ANTHONY COSTELLOE profiles the American actor, film director and producer who rose to international fame with his role as the ‘Man with No Name’ in Sergio Leone’s ‘Dollars Trilogy’ of Spaghetti Westerns during the mid-1960s.
Renowned Oscar-winning director, producer, actor and composer, Clinton Eastwood junior (Clint) celebrated his ninety second birthday on May 31st. Clint was born into an affluent family in San Francisco, California. He has Irish roots.
His mother, who lived to be ninety seven, was of Dutch-Irish lineage. Her ancestors, on her mother’s side, came from the town of Eastwood in Co. Monaghan and Clint was brought there as a child. Tragedy struck when he was forty. His father Clinton Eastwood senior died suddenly of a cardiac arrest. He did however live to see his son become a global movie great.
Clint’s rise to stardom was not an overnight meteoric event. The twenty-four-year-old signed a contract with Universal Studios for one hundred dollars a week. Yes, he had an imposing 6’ 4” stature, but he was awkward and lifeless in front of the camera and spoke through gritted teeth.
He failed many screen tests but got some ‘bit-parts’ in movies such as ‘Francis in the Navy’, a comedy musical and the horror movie, ‘Revenge of the Creature’.
His lucky-break came when he was cast as Rowdy Yates in the TV series ‘Rawhide’ (1958). He received third billing as the kind, compassionate ‘good guy’ who befriended old ladies and had a fondness for animals. He found the six years very challenging, coping with a six, twelve hour day week.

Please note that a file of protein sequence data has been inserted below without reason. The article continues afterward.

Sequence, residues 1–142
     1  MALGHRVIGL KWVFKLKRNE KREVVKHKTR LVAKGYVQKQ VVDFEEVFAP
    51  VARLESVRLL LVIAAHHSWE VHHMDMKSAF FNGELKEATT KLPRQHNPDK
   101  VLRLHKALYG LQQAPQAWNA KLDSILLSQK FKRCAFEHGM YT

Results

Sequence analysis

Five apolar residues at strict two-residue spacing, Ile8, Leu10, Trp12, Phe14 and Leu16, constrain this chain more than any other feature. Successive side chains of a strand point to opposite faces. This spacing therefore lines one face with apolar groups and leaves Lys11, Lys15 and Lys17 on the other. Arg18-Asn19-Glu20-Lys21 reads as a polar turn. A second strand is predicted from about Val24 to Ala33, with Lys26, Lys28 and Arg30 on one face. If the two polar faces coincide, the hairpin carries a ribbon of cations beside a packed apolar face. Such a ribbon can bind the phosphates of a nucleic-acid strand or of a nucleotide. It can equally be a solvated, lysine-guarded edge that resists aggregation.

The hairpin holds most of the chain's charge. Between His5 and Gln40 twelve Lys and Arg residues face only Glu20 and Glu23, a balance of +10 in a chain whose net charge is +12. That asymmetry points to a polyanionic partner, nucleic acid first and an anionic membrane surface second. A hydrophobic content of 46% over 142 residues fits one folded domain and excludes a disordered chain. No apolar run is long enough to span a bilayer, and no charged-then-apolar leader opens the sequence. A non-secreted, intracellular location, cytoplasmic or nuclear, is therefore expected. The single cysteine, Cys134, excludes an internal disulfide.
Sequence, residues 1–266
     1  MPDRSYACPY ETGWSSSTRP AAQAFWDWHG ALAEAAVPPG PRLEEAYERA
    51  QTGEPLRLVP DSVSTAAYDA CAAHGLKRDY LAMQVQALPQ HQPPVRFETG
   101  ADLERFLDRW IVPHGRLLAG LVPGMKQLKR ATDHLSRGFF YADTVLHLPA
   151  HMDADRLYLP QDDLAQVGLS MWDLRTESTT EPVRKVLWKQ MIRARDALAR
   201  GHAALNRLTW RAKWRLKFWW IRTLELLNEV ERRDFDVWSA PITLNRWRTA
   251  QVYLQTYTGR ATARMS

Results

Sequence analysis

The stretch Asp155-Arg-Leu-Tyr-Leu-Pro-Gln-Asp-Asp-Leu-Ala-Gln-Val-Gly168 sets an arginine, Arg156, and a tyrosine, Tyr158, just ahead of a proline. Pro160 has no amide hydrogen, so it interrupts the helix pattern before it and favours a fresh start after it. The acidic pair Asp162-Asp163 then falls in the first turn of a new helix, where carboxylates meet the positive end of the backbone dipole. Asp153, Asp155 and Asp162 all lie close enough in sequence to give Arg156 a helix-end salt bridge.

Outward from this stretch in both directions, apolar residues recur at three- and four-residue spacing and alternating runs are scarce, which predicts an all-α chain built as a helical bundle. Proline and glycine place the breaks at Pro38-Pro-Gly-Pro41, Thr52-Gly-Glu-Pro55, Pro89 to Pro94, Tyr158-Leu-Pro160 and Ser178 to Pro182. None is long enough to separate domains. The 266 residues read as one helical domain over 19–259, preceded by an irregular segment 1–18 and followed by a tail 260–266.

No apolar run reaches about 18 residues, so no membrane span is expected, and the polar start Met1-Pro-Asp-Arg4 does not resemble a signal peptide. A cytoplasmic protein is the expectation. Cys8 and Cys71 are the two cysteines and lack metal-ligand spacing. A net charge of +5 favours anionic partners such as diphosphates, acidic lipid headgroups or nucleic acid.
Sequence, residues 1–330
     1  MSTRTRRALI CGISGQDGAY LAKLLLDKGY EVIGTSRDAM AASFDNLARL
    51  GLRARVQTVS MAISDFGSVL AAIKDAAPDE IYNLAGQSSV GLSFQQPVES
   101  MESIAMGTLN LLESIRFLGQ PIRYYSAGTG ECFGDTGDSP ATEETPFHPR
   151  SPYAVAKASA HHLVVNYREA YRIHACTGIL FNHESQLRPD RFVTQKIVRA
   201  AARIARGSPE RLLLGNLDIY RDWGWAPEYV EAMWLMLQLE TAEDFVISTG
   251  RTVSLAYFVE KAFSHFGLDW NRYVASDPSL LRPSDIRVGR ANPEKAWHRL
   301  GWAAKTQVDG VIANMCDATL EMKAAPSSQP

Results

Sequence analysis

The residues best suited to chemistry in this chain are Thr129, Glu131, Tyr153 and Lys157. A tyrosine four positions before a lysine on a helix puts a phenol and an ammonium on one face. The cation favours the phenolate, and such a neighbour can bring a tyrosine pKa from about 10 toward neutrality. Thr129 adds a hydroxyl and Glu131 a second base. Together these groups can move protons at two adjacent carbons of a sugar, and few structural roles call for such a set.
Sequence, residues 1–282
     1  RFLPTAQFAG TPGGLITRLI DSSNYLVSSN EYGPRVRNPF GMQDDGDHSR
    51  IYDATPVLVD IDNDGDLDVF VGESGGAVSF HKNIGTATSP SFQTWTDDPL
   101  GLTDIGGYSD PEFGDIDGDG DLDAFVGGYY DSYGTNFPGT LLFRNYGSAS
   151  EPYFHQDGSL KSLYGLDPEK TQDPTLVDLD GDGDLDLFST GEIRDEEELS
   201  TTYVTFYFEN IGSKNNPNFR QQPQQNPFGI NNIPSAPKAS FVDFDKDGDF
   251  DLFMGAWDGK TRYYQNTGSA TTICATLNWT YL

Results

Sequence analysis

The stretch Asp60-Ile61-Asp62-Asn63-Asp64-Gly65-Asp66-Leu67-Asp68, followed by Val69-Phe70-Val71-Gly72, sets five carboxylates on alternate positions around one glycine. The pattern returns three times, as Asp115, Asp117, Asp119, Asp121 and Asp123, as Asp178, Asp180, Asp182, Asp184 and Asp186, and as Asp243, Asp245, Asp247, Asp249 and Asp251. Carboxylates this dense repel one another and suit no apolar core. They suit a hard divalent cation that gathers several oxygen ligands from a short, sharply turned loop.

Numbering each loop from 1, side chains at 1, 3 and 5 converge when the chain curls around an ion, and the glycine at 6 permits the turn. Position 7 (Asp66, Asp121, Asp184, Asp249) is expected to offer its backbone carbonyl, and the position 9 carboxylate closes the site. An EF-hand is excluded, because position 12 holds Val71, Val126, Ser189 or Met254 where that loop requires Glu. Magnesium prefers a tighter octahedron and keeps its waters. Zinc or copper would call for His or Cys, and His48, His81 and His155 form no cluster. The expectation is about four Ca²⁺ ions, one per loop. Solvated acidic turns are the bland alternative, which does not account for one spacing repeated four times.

Sergio Leone, who was born in Rome in 1929 and died there sixty years later, revolutionized the American concept of the ‘Wild West’. He could not speak English and the irony is he never set foot on American soil. His knowledge of the American West came from the cowboy movies he watched as a child.
The cowboy hero was quick on the draw, a moral man, clinically clean, who sorted out the baddies and in the final scene rode away with his lady-love into the sunset. Leone’s persona was the antithesis of the Randolph Scott, John Wayne, Gary Cooper type. He was actually an anti-hero, unshaven, sharp tongued, a cigar gripped between gritted teeth, had a lightning draw and, oh yes, he did have a love interest – the dollar.
A ‘Fistful of Dollars’ was the first of the Spaghetti trilogy westerns directed by Leone, who was virtually unknown at the time. He had studied the acclaimed Japanese director Akira Karosawa’s movie, ‘Yojimbo’ and based his western on the plot. The Japanese director contested this and Leone had to surrender Asian rights to him in addition to 15% of international box-office takings.
Leone’s movie was a 200,000 dollar low-budget venture, consequently he could not pay Henry Fonda’s salary and Charles Bronson, his second choice, turned it down, deeming the script too uninspiring. A ‘Rawhide’ co-star suggested to Leone that Clint would make the perfect leading character, bounty-hunter ‘man with no name’.
Continue reading in this week’s Ireland’s Own